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Subject: Re: Interpolated notes
From: Jon Goldberg <[log in to unmask]>
Reply-To:Jon Goldberg <[log in to unmask]>
Date:Sat, 23 Sep 2017 14:38:06 -0400

text/plain (87 lines)

I'm curious why you feel the high Eb in Aida doesn't seem appropriate for the character. I 
think the real reason one might not like it is that it isn't traditionally done, so we're not 
used to it. 

It's certainly feasible to interpret a final high Eb in the Triumphal Scene as a cry of 
despair, not as a showoff vocal moment. Compare the phrase in the "guerra guerra" 
ensemble in Act I sc 1 which brings her up to the high C, above everyone else. That 
seems to me to be in the same vein of interpretation, though of course Verdi actually 
wrote that passage lol. 

We could have the same debate about the end of the Rigoletto quartet - is it more 
suitable for Gilda to sing the middle Db that Verdi wrote, or go for the octave higher? I 
don't know - except for the fact that we're rather used to sopranos taking the high note, 
so maybe we're more used to it and don't mind the interpolation? Even though in some 
respects we can argue the the quiet ending here (unlike the huge ending of the Triumphal 
Scene) seems more effective (and Affective) with the lower note? Open to interpretation. 

How many tenors would be brave enough to sing the end of "Nessun Dorma" as written - 
that is, not holding the high B, and just slowing down a little bit, as he indicates? We can 
certainly interpret the held high B as a moment of strength/defiance/determination, which 
fits the moment. But it's also valid to look at what Puccini actually wrote - the dotted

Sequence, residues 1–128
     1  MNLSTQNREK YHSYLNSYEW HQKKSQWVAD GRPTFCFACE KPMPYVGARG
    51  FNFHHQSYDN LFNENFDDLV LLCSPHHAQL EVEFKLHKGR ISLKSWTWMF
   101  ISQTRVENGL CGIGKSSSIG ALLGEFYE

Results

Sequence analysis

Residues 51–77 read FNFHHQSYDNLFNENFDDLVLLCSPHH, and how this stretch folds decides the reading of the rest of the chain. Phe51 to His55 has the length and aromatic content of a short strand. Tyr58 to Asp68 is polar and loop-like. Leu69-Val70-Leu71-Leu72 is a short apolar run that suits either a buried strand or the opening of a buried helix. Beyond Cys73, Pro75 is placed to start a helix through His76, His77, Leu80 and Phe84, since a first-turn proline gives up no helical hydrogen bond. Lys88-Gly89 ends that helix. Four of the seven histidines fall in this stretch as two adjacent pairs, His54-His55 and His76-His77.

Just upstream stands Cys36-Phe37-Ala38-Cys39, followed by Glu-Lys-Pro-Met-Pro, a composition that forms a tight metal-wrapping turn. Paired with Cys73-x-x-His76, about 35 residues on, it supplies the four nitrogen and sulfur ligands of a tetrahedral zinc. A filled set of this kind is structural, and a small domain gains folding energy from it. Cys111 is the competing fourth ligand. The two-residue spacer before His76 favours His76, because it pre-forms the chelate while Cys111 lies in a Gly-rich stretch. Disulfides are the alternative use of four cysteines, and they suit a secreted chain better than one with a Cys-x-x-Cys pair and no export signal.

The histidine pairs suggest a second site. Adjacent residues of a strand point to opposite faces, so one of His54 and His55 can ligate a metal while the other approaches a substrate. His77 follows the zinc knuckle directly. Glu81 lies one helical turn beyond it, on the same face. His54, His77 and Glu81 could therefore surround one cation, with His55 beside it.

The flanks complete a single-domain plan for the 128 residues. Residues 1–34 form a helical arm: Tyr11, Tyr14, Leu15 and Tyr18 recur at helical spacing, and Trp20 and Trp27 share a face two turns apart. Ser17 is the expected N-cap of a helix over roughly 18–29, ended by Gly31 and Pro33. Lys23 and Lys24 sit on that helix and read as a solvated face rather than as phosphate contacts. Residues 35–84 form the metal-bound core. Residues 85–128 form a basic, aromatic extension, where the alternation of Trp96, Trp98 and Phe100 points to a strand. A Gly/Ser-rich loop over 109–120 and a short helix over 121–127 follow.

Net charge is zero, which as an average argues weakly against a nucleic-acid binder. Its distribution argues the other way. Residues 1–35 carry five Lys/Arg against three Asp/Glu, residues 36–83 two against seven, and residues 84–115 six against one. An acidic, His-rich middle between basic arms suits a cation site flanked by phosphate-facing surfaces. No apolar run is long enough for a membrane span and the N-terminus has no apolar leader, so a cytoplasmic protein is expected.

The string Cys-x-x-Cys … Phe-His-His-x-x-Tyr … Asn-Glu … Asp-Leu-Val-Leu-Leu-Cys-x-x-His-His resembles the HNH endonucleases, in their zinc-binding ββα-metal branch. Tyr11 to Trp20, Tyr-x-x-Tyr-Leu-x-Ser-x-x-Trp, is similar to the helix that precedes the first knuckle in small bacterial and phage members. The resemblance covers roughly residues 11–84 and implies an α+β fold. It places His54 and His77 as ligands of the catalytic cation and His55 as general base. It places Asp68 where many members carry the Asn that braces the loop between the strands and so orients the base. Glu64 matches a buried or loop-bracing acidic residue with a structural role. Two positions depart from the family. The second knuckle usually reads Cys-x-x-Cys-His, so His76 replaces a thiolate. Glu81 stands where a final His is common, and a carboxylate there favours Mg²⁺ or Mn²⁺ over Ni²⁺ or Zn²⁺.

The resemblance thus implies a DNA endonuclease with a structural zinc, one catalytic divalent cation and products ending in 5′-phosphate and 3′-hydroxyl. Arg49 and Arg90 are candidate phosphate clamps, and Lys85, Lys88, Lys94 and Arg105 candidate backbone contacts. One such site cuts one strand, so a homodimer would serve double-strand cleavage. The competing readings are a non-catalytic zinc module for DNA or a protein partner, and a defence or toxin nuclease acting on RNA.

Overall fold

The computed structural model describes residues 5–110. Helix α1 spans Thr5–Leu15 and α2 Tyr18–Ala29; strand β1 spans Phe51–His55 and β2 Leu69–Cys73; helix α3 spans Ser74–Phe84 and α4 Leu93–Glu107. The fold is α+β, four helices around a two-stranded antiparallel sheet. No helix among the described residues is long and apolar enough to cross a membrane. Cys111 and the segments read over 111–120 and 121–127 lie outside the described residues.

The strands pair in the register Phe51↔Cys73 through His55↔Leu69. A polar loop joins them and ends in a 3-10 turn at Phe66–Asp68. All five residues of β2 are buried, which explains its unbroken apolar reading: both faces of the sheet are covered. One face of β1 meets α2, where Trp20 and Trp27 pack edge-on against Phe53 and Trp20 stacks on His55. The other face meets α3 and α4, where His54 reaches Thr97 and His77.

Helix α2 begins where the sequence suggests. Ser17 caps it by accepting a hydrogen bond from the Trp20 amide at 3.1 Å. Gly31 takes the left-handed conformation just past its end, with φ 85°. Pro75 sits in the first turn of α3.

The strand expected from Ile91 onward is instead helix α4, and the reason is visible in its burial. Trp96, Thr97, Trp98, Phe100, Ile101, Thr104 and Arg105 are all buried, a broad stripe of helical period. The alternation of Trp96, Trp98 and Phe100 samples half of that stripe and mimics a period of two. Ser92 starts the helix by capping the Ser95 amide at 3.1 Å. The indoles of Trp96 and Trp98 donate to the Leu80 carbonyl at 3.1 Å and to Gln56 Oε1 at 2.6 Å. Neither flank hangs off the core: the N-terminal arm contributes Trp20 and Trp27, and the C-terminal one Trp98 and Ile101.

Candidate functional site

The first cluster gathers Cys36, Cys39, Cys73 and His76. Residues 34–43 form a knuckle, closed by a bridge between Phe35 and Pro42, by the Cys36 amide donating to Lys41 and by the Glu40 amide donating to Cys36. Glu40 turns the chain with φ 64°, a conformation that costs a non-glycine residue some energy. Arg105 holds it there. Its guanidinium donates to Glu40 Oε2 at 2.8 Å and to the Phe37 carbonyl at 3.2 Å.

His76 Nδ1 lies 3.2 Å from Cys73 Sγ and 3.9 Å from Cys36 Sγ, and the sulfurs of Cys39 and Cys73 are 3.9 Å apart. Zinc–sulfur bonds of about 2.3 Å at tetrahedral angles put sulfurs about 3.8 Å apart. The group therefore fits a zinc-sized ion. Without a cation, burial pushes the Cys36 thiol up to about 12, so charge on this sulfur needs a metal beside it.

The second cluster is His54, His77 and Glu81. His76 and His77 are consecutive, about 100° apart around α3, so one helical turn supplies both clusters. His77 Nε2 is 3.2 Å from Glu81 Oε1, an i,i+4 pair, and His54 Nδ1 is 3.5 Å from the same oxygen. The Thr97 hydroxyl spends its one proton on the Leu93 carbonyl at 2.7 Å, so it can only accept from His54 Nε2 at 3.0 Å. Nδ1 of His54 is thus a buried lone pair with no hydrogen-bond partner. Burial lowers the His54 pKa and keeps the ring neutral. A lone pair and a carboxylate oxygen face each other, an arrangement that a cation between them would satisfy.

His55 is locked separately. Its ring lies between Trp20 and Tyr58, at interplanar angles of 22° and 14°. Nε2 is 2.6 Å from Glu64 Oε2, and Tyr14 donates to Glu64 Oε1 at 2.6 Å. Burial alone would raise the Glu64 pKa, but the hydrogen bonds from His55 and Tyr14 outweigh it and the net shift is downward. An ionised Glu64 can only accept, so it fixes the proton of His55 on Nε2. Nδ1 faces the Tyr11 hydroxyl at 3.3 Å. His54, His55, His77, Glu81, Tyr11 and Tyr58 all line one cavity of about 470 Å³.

rhythm of the last "vincero" matching the rhythm of the one before it, and sounding like a 
triumphant fanfare of sorts, which also clearly fits the dramatic intent. It would be 
interesting to hear a tenor try to make a case for that. ;-)

For those of you that don't mind me foraying into musicals for a second - so, you may 
know that "Frozen" is coming to Broadway, and it's currently trying out in Denver. The 
ubiquitous hit from the film, "Let It Go," is the closing of Act I in the stage version. If you 
know the song (and I'm sure you've all heard it lol), it ends on a "throwaway" line ("the 
cold never bothered me anyway") which works fine in its own way. But the end of an act 
needs something bigger, so they rewrote the line and took it up into a more impressive 
place vocally. Someone recently commented, on another chat board, that they found the 
rewrite vulgar, and that they should have kept the original ending. But that would have 
left the act with something much less exciting to end on - and it's clear to me that they 
knew they had to do something else with that moment musically. And much like many 
final high notes at the end of an act in an opera, it delivers. ;-)

I'm sure we all have certain interpolations that we either hate or love. One that I hate is 
that little turn-y thing that tenors throw in near the end of "Questa O Quella." There are 
ways to justify it dramatically, I'm sure (a bit of swagger, perhaps?) - but I find it rather 

But, going back to my original point, I think it all has more to do with what our ears are 
used to. If we've grown up with certain interpolations as standard, we probably prefer 
them. if someone tries something new, or if there's something done infrequently that 
we're not used to , we might question it. It all has more to do with the listener than the 
singer, IMO. 

On Sat, 23 Sep 2017 09:40:15 -0400, Ghozel <[log in to unmask]> wrote:

>I have a love/hate relationship with interpolated notes.  Certainly they have a strong 
place in opera, but sometimes they take me out of the character.
>For example, Callas' (and more recently Millo's) interpolated E flats in Aida's Triumphal 
Scene are wonderful to hear but don't seem appropriate for the character.
>On the other hand, elongating (and singing forte) Judith's high C in Bluebeard is actually 
preferable to what Bartok wrote, in my opinion.
>Your thoughts?
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